What Exactly Does The EU Plan To Do On Net Neutrality?

from the confused?-you-will-be dept

There are few areas in tech policy where the waters are so muddied as those swirling around net neutrality. That's as true for the EU as it is for the US. The latest statement by the person responsible for this area in the European Commission, Neelie Kroes, does little to clarify things.

First, she addresses the issue of blocking and throttling:

Huge innovation can be found online: we must safeguard it for everyone. Currently too many Europeans find that services are blocked and throttled by their internet provider. I believe every European should have access to the full and open internet, absolutely guaranteed, without such discrimination. And so I am coming forward with new rules to bring such practices to an end once and for all.
That's clear enough. But Kroes goes on:
I agree that the Internet is an important platform for freedom of speech; and that is why I intend to guarantee access without restriction -- the first ever time such a guarantee exists across Europe. But permitting premium services does not in any way restrict that freedom. For almost any kind of product you care to name -- from postal services to the petrol in your car -- having premium products hardly diminishes freedom for users: if anything it offers them more choices. If you decide not to pay that extra premium, of course, you still deserve a good product: and under my proposals, the "best-efforts" Internet will get better.
It's not at all obvious how "premium products" will magically boost the "best-efforts" Internet. On the contrary: if companies are allowed to pay for their IP packets to be given priority over "best-efforts" services, this will result in the latter be pushed into the Internet's slow lane. Net neutrality will be dead, and innovation threatened, because deep-pocketed incumbents will be able to promote their services at the expense of underfunded startups, or non-profit projects. Moreover, telecoms companies will have a perverse incentive to make that slow lane as bad as possible, in order to "encourage" people to pay for the "premium products" that offer a decent performance.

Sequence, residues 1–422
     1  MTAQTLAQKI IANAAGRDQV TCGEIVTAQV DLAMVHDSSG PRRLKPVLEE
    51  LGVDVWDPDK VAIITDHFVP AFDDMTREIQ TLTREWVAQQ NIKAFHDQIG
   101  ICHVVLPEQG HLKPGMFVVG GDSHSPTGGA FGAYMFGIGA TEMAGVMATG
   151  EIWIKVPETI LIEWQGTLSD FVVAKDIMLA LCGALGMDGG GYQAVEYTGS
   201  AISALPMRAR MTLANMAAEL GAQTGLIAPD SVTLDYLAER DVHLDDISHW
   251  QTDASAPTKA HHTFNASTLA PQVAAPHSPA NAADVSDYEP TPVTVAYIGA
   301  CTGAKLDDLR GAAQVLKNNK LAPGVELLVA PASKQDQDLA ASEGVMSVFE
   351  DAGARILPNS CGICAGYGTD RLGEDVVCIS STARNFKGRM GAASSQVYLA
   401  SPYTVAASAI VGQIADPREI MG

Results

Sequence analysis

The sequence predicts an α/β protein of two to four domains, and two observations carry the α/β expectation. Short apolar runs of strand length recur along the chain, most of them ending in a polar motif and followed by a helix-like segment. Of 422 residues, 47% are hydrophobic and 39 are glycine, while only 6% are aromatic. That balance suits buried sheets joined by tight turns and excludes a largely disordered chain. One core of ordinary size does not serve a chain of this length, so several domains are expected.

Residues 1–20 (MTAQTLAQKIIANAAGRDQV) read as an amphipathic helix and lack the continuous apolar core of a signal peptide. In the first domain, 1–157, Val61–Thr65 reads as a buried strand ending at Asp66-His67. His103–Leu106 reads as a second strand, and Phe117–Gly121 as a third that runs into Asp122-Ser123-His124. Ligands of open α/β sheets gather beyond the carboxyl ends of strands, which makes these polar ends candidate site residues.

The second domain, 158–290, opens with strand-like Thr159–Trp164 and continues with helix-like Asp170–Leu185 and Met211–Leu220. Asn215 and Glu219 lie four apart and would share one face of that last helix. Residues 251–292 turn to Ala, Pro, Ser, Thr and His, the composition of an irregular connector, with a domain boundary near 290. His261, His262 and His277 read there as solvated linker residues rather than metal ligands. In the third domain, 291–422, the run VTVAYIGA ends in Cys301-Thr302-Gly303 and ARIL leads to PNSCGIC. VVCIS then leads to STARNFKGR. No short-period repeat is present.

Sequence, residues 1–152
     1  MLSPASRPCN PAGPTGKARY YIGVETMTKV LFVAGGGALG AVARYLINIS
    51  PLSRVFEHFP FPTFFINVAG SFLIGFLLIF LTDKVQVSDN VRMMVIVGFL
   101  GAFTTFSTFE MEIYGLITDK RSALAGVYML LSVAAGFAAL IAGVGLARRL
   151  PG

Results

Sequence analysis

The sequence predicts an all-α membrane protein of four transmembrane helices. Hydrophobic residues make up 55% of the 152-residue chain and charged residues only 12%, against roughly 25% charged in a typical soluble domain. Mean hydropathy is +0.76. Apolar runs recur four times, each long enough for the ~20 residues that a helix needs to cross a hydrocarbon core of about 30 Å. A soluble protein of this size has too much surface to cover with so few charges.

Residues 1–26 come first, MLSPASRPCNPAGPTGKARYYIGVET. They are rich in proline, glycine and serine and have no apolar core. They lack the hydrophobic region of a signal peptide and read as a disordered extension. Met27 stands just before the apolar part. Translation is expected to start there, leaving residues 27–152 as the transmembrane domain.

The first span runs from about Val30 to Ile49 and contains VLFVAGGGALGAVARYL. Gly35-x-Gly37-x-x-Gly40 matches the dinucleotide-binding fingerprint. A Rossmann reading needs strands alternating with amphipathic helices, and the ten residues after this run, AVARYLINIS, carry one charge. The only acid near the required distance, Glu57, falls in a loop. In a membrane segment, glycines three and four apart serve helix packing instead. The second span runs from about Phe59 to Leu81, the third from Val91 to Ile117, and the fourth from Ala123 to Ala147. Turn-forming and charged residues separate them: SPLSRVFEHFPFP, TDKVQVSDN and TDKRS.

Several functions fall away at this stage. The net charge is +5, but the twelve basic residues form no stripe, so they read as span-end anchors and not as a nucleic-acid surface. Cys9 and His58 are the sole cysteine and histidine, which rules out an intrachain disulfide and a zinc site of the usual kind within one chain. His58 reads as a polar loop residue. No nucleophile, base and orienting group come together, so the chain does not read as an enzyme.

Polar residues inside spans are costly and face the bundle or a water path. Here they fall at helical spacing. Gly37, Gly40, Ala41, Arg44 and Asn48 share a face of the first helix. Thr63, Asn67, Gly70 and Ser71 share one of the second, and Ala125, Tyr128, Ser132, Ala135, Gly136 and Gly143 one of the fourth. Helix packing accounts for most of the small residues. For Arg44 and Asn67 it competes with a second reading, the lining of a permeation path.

Kroes discusses the general issue of regulation:

if you aim to protect an open network, overregulation is exactly the wrong way to go. The fact is, many innovative new services depend on fast connections over IP networks. If you want to invest in (say) new videoconferencing equipment, an IP TV, or a new cloud computing contract, you will also want to know your connection will support it. If EU laws banned such quality guarantees, we would risk effectively outlawing many of those new services too.
Those in favor of net neutrality do not argue for "over-regulation"; instead, they want one very minimal rule: that all IP packets are treated equally for a given connection. If services need fast connections, then just upgrade the speed so that all applications benefit. Maybe that is what she means -- it's really not clear from her post -- but fast connections are not normally described as "premium products", and they are already available as part of most ISPs' standard offerings. So what exactly is the EU proposing to do here?

And for those who are worried about any kind of regulation, here's what someone who knows what he's talking about here -- Tim Berners-Lee -- said on the subject back in 2006, when net neutrality was under threat in the US: